Wanted: a Druidry for the end of our world

‘Pareidolia’ is the trait humans have for seeing patterns which aren’t really there – such as seeing a rabbit on the moon, or Elvis in an oddly shaped carrot. In my case, it’s seeing the end of the world in a patch of damp plaster on the wall. 

Still, one of the key tenets of Iolo Morganwg’s Bardism is “Y Gwir yn Erbyn y Byd” – The Truth Against the World. As Druids, we need to find out what is true – and we need to champion it even when it is unpopular or unpalatable.

My home needs some urgent work done before next winter – when it rains, water seeps through the wall. It’s not going to get done. 

Since the beginning of the year, I tried hard to get a builder to agree to do the work. Few of them even returned my calls. Of the few who came to look at the house and give me a quote, most never got back in touch and/or were clearly cowboys. Eventually I found a local company with a good reputation who agreed to do the work, though it was going to be very expensive. Still, we signed a contract and I paid a substantial deposit – several thousand pounds. Last week, after three months of doing nothing, they told me they would need to raise the cost by 25% – which I can’t afford – and that even then they wouldn’t be able to start work until next year. We agreed to cancel the contract, and they have returned my deposit.

No other companies are interested. They all say the same things: they can’t get skilled workers, and they can’t get any materials. This isn’t a surprise – it’s been reported for some time, given the number of converging crises.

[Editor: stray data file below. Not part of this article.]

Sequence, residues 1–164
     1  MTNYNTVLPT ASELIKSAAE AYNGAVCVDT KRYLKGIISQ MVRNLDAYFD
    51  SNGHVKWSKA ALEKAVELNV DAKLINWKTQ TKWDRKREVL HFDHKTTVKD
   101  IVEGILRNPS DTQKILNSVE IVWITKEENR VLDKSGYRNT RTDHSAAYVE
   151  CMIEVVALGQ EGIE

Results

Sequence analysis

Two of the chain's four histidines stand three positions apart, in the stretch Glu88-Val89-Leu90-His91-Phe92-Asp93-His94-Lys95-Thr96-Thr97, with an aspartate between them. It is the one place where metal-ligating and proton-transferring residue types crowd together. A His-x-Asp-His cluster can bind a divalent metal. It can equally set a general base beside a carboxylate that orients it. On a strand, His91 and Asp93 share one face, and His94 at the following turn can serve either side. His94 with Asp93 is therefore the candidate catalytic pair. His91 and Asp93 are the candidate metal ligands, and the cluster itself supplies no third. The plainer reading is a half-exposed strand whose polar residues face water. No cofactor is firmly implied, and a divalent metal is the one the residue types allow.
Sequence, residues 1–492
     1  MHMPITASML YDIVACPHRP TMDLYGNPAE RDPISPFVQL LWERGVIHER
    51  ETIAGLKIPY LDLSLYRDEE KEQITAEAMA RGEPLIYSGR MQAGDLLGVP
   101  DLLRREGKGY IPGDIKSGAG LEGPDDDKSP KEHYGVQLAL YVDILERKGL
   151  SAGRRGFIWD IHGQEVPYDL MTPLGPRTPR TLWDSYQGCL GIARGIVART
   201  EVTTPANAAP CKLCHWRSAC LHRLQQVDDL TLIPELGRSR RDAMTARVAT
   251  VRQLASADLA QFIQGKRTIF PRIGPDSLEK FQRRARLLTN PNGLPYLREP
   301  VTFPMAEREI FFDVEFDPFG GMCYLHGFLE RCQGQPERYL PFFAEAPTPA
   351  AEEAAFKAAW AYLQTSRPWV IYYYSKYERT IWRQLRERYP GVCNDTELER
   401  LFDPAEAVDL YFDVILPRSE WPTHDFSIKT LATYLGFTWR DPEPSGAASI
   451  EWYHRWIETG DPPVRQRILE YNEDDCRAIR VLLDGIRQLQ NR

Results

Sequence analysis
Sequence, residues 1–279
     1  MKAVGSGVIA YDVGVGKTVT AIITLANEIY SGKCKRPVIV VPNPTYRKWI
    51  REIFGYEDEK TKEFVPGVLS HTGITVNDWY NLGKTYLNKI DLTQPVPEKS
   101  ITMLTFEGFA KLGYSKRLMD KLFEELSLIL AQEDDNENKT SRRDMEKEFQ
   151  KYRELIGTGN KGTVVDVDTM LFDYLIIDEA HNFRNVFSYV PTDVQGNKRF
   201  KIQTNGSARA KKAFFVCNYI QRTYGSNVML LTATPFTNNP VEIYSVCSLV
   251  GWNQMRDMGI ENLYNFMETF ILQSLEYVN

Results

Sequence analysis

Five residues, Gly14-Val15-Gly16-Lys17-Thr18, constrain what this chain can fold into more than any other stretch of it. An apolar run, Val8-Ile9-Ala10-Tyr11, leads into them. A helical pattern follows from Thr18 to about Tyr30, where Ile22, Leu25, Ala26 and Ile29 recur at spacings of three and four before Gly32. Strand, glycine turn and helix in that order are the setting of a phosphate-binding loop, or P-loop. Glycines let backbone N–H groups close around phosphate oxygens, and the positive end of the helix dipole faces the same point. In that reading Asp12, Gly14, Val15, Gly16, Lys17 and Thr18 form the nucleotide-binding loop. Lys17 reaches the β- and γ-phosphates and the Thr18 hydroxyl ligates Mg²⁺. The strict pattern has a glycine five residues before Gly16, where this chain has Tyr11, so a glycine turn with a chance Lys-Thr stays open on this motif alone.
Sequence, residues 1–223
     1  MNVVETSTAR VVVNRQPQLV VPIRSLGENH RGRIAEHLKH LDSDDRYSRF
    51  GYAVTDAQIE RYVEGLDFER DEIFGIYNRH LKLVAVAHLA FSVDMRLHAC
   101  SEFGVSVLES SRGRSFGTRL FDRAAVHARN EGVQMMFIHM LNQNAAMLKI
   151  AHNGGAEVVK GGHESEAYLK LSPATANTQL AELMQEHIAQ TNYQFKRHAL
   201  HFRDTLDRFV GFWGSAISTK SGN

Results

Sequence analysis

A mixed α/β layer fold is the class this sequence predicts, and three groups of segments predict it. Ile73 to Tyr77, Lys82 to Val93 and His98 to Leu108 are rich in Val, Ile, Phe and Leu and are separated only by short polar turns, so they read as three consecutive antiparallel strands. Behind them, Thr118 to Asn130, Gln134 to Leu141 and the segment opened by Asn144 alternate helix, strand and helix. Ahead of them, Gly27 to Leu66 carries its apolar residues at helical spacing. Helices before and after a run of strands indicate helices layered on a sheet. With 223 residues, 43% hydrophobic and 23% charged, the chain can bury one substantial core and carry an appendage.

The question is: how long will it last? The answer is not likely to be comforting: I suspect that in fact we will never go back to where we were, and this situation is here to stay. There isn’t going to be much new construction, or work on existing structures. That’s going to have a big impact on both homes, offices, and retail  – and it won’t be good. How will it play out? That remains to be seen – but there will be more and more people who, like me, dread the rain.

At the same time, it was announced that families in the UK will be facing substantial increases in the price of energy next winter, in part because renewables aren’t producing enough. That’s the energy that they use to heat their homes, to keep the lights on, and to cook. That’s going to be very hard on many households and, given our ongoing dependency on depleting fossil fuels, that’s also going to get worse.

In fact, within ten years, the combination of depleting natural resources, pollution, demographics, and other factors means that it will no longer be possible to have a growing economy. That’s the opinion of a KPMG analyst who looked again at the models of the 1968 ‘Limits to Growth’ using today’s data:

Another way of putting that is to say within 10 years we will be in a recession that will never end, with less and less economic activity every year.

At the same time, we see huge fires and unbearable temperatures in the West of the Americas, in Siberia, in Turkey – and who knows where else, that isn’t being reported. We see floods in Britain, in Germany, and in the eastern Americas… This is only going to get worse, and we are not ready. Extreme weather will be the norm and UK is not prepared, scientists warn.

We’re going to need to completely rebuild our transport and power infrastructure to cope with the effects of climate change – but we don’t have the resources to do it any more. That means roads, railways, pipelines, and power lines being flooded, or buckling in the heat, and we won’t be able to replace them – and this will probably become evident to everybody within the next ten years.

In fact, the possibility that we might be on the edge of social and economic collapse is seriously being talked about now: